VHDL (VHSIC Hardware Description Language)
is a language for describing hardware. Its requirement emerged during the VHSIC development program of the US Department of Defense. The department organized a work shop in 1981 to lay down the specifications of a language which could describe hardware at various levels of abstractions, could generate test signals and record responses, and could act as a medium of information exchange between the chip foundries and the CAD tool operators. However, due to military restrictions, it remained classified till 1985.
To make designs more understandable and maintainable, a design is typically decomposed into several blocks. These blocks are then connected together to form a complete design. Using the schematic capture approach to design, this might be done with a block diagram editor. Every portion of a VHDL design is considered a block. A VHDL design may be completely described in a single block, or it may be decomposed in several blocks. Each block in VHDL is analogous to an off-the-shelf part and is called an entity. The entity describes the interface to that block and a separate part associated with the entity describes how that block operates. The interface description is like a pin description in a data book, specifying the inputs and outputs to the block. The description of the operation of the part is like a schematic for the block.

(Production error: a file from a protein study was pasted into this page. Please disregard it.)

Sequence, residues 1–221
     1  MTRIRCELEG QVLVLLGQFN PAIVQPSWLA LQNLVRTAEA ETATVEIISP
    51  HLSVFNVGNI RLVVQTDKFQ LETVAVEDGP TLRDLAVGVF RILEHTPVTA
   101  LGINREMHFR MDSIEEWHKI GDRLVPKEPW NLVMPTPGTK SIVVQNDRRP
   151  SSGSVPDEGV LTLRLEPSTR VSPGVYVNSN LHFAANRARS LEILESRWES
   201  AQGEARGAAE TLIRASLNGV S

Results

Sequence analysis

Once we have defined the basic building blocks of our design using entities and their associated architectures, we can combine them together to form other designs. This section describes how to combine these blocks together in a structural description.